Unsolved mystery of Russia's missing hikers may have finally been cracked

The mystery has spurred countless conspiracy theories, but we may finally have the answer.

Steph Panecasio Former Editor
Steph Panecasio was an Editor based in Sydney, Australia. She knows a lot about the intersection of death, technology and culture. She's a fantasy geek who covers science, digital trends, video games, subcultures and more. Outside work, you'll most likely find her rewatching Lord of the Rings or listening to D&D podcasts.
Steph Panecasio
4 min read

The mystery of the Dyatlov Pass has raised questions for over half a century.

Soviet investigators/Creative Commons

The Dyatlov Pass incident is a spooky tale most often told in hushed tones around a campfire, but this very real -- and very mysterious -- event has long been the subject of conspiracy theories, scientific conjecture and even a movie or two. But the truth of what drove nine experienced hikers to slash through the safety of their own tent and flee, half-dressed into the snow of the Ural mountains, has remained inconclusive for over half a century. 

That is, until now. After 62 years of speculation, scientists believe they may have figured out what happened in the Ural Mountains, all those years ago. 

Thanks to simulations, analytical models and even some borrowed Disney technology, the data indicates an impactful force of nature could very well be the conclusive answer. 

What is the Dyatlov Pass mystery?

In January 1959, a team of experienced Russian mountaineers were trekking in the Ural Mountains -- at least, they were, until they perished under mysterious circumstances. 

Personal diaries and film discovered on site confirm that the team had made camp on a stretch of the slopes known as Kholat Saykhl, or "dead mountain." However, something caused the hikers to flee in the middle of the night, cutting their way out of the tent and scrambling across the mountain -- barely dressed despite subzero temperatures and a thick layer of snow.

When a search and rescue team finally found them weeks later, scattered over the pass, they discovered that while six of the hikers had died from hypothermia, the remaining three hikers had been killed by extreme physical trauma. There were body parts missing -- one hiker's eyes, another's tongue -- and severe skeletal damage to some of the skulls and chests.

The only problem? There was no convincing evidence to explain why or how this had happened. At the time, the investigators concluded only that an unknown but powerful "natural force" had compelled them to leave their tent. Conspiracies range from katabatic winds through to Yeti attack and even infrasound-induced panic, but no definitive conclusion was ever made to explain the deaths. 

Until, potentially, now.

Simulations, Disney and a potential answer

In an article published Thursday in the journal Communications Earth and Environment, researchers identified data supporting the theory that a small, impactful avalanche could have been the culprit.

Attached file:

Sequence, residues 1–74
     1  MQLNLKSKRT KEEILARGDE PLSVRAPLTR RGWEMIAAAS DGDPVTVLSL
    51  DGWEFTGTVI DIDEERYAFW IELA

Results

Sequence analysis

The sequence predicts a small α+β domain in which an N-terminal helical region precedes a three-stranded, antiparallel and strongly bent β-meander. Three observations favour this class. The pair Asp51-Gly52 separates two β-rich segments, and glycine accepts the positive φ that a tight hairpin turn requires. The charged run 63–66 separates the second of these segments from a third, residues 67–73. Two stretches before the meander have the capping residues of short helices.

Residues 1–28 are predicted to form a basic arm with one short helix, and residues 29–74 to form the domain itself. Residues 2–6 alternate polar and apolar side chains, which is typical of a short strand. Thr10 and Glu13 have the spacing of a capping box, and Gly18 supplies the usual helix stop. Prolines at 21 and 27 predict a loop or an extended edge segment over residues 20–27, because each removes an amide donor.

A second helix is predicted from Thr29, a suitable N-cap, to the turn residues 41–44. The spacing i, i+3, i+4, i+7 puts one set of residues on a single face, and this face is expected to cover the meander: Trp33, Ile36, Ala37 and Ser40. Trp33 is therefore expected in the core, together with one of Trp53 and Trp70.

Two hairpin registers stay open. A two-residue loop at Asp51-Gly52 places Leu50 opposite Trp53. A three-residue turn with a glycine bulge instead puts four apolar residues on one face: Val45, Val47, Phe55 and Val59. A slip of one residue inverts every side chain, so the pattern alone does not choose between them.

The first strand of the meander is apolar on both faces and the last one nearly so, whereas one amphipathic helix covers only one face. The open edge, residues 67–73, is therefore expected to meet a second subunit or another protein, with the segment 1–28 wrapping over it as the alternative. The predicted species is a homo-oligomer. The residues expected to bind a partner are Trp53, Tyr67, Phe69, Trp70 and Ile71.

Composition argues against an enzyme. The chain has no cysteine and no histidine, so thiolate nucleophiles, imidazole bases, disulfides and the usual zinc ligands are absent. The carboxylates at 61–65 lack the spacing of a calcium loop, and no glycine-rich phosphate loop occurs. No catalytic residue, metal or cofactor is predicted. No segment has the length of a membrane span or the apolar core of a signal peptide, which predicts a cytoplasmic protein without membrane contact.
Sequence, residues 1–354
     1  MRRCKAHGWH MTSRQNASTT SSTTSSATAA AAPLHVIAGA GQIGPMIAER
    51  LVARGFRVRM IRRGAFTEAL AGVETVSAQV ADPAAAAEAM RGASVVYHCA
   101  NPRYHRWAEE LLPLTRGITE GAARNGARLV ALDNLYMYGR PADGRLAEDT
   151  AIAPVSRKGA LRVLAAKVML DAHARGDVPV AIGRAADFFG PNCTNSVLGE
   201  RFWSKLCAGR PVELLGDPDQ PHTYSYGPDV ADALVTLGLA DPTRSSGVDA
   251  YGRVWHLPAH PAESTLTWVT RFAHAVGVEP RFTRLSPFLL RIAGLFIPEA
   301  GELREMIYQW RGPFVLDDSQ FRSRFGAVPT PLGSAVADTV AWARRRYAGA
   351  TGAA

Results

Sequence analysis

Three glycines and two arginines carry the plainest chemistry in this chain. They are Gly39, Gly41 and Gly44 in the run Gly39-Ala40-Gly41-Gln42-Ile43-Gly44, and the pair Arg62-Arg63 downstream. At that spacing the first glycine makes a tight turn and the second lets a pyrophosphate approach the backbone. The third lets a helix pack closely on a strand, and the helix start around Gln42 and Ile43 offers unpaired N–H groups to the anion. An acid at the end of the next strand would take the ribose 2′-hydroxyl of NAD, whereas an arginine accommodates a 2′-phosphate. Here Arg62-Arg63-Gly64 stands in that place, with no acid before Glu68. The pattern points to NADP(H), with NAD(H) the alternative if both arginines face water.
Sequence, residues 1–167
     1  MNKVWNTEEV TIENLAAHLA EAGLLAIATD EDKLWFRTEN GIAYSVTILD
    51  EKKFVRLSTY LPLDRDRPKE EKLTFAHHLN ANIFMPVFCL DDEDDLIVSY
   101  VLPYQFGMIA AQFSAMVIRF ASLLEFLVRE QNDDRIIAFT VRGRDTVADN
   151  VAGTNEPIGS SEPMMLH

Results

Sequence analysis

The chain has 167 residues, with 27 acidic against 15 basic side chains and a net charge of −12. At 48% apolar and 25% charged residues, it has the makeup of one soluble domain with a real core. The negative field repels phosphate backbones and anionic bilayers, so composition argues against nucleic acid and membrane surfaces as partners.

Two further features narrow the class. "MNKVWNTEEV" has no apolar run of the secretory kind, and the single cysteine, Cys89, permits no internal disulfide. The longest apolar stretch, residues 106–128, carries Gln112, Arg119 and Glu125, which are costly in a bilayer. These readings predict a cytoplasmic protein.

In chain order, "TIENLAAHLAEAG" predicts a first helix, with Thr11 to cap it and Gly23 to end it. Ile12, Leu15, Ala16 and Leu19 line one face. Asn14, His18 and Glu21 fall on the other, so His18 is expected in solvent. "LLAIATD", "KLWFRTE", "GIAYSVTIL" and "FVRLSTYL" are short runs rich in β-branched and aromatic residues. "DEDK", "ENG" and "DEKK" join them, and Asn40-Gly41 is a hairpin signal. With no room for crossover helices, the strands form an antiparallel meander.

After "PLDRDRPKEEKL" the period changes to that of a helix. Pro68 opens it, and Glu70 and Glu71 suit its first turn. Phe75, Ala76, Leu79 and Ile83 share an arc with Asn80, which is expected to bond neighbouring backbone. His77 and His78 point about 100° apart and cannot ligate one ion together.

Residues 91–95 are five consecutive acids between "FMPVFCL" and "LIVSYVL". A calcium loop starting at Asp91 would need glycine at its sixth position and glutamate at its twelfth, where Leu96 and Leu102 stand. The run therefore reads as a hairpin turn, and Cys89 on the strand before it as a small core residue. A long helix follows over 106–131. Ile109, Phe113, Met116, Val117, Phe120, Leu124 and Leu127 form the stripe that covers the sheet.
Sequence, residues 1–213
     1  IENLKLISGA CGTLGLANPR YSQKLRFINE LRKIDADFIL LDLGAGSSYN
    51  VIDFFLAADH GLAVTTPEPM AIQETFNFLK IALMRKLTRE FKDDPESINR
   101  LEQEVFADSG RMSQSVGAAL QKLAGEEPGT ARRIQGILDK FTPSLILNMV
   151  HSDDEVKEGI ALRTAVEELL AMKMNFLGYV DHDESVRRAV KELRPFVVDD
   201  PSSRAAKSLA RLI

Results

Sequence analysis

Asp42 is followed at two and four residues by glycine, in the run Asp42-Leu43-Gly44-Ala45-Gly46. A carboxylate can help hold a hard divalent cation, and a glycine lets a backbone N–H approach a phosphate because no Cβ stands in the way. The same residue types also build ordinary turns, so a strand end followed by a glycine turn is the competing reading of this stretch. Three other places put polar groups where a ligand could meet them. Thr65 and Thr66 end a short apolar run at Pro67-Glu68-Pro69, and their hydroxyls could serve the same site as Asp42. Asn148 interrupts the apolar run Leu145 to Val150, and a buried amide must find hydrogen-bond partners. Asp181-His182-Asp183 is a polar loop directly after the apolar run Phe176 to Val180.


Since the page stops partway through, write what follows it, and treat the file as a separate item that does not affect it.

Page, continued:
It's not the first time such a hypothesis has arisen. In fact, it was one of the first conclusions drawn -- it just had no supporting evidence. In 2019, a team of Russian scientists also concluded that it was an avalanche, but the data to support the theory was once again lacking. There had been no definitive evidence of an avalanche, even a small one. The topography and snowfall levels didn't match such an incident.

Now, however, a team from the Snow Avalanche Simulation Laboratory at the École Polytechnique Fédérale in Lausanne, Switzerland, has been able to use analytical models, simulations and even technology from Disney's animation studios to explain how an avalanche may have occurred without leaving behind evidence.

Reported by National Geographic, the data indicated the avalanche would have been particularly small -- perhaps as small as 16 feet of ice and snow, compacted into a solid slab. This would allow for the conditions to mask the phenomena over time, with snowfall obscuring any debris, while still creating enough of a threat to compel the hikers to slash their way out.

But it still didn't explain the extreme trauma left on some of the bodies. To answer that question, the team looked to Disney's Frozen. Johan Gaume, head of the laboratory, combined their simulation tools with animation models borrowed from Frozen's creative team to analyze how the impact of the avalanche would affect the bodies.

Using the simulation, enhanced by these animation models, the team was able to conclude that the suspected avalanche could have had enough of an impact if the hikers had arranged their bedding on top of their skis, providing a rigid base upon which the force would have been exerted -- crushing skulls and chests between the two hard forces.

There's still little evidence as to what happened next, given that all the hikers were found outside the tent, but the best theory is that they then tried to escape the avalanche and rescue their injured teammates -- though their injuries and the extreme temperature would eventually prove fatal. As for the missing body parts? Animal scavengers are the likely culprit.

So while the study goes a long way in explaining a possible, even likely, scenario for the deaths of the hikers on Dyatlov Pass, a lot of questions still remain. 

And those questions are inevitably going to keep conspiracy theorists busy speculating for years to come.